We found that there was inconsistent support for staff to carry out their roles effectively. Some training was slightly overdue, some staff received regular supervision but others did not. Appraisal did not always take place regularly but staff did have opportunities to gain qualifications to support them in their work.

People told us they felt that they were kept informed about what was going on in the home. People were aware of the problems with the home's lift and although one person was not happy that they were unable to go downstairs when they wished, they understood why this had happened and that the lift was going to be repaired soon after our visit. They told us that they knew how to complain if they needed to and they or their relatives would complain if it was needed.

Inspection carried out on 3 October 2011

During a routine inspection

People who live in the home confirmed that they are able to attend meetings where they can raise any concerns or issues that they have.

People told us that they felt safe and comfortable to talk to staff about any issues they may have. One person with whom we spoke said, "People here care about us and what I think." they are kind to me and listen".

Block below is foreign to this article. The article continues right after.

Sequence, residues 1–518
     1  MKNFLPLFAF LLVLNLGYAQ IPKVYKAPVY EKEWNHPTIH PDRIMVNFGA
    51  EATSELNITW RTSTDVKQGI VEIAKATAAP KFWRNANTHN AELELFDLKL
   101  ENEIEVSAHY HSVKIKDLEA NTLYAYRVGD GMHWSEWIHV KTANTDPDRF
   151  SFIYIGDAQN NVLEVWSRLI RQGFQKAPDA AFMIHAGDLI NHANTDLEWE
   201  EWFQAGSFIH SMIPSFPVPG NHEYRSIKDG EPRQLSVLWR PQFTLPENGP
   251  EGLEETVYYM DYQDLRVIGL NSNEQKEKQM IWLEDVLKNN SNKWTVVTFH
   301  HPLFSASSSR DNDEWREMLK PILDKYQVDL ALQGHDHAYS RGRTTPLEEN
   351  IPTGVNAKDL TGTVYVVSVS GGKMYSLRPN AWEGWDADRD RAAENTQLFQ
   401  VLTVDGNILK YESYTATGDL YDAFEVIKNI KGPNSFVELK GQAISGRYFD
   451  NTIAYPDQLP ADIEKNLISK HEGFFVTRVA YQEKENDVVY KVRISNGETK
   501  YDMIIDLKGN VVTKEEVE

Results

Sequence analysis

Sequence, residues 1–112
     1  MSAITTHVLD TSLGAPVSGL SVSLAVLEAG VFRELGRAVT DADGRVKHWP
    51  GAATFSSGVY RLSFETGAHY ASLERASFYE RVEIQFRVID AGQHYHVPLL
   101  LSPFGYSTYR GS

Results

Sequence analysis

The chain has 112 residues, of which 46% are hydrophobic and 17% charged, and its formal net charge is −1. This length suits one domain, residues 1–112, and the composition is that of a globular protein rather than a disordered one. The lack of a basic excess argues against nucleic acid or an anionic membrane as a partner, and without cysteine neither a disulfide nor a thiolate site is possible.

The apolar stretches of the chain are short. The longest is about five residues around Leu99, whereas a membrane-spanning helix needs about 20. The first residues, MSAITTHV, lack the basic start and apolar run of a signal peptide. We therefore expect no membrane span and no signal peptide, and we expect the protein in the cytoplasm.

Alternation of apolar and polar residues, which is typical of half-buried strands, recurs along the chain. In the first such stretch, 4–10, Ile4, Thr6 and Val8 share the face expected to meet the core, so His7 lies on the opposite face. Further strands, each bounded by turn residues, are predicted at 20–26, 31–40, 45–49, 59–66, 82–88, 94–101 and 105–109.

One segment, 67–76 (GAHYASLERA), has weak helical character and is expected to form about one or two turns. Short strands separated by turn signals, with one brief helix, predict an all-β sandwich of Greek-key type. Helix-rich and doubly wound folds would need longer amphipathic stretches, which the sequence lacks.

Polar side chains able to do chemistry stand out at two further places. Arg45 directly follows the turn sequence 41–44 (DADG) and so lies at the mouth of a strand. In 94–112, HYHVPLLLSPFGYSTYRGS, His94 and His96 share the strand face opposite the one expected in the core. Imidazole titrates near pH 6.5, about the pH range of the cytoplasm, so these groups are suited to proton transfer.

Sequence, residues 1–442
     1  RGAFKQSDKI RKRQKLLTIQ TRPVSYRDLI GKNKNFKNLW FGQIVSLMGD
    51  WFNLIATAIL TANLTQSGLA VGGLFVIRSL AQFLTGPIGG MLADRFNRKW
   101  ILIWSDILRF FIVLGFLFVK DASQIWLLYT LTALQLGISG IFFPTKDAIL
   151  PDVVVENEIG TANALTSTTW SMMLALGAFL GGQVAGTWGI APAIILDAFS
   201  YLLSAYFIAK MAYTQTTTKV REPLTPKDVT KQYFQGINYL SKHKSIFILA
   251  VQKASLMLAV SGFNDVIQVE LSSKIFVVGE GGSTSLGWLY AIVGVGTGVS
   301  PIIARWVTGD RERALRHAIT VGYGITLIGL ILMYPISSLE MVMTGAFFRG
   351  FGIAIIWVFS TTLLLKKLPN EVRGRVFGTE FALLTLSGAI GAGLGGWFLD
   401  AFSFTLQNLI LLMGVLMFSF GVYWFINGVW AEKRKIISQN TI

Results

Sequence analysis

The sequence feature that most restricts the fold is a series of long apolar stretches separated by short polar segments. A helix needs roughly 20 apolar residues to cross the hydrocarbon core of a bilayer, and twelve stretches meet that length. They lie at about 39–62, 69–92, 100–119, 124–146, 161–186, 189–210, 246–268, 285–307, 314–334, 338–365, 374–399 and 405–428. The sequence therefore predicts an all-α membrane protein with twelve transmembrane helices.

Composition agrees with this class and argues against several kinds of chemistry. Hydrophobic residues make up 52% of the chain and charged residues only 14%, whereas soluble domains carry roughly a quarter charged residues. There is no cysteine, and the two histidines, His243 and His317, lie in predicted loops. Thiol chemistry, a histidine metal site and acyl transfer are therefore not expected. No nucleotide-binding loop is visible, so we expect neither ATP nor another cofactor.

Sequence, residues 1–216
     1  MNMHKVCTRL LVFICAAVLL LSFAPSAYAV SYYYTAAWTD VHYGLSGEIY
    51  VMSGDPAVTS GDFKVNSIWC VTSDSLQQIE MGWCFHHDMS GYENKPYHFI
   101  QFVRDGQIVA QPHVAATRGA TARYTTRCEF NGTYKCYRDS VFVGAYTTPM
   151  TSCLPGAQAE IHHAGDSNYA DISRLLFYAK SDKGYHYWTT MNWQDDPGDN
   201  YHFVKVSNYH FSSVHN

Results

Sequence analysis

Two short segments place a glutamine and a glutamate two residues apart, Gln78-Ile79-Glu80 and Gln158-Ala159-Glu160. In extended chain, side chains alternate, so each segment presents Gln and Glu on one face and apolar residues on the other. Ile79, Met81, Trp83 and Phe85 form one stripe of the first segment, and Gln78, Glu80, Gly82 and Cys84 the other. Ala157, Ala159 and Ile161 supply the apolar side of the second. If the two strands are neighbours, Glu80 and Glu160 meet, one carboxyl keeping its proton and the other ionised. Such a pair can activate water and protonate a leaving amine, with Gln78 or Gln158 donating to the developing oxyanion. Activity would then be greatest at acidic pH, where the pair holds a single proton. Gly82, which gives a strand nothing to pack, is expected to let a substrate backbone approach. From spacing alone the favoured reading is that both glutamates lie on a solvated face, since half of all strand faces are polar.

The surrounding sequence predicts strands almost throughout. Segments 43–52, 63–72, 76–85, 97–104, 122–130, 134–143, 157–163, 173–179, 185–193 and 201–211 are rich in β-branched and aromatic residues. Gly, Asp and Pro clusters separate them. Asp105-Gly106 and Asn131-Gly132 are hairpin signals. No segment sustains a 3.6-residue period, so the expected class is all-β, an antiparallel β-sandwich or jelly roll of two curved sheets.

We were told that staff in the home were very kind and respectful. One person with whom we spoke stated that, "they always employ kind people who know what they are doing". Another person stated tha, "staff respect my privacy and are really good". Another person we spoke with said that they had been at the home for eight years and liked the fact that staff were familiar to them and that they felt safe in knowing that the same staff would be working with them.

People said that they always found the home to be clean and tidy and the general consensus from people with whom we spoke stated that the staff were, "vigilant in making sure it always smelt nice and was always clean."

A person using the service told us that they felt safe at Heathcote. They said if something happened that they didn't like they would feel able to tell staff. Several people told us that they were happy living at the home. One said, "It's a happy place and people get looked after."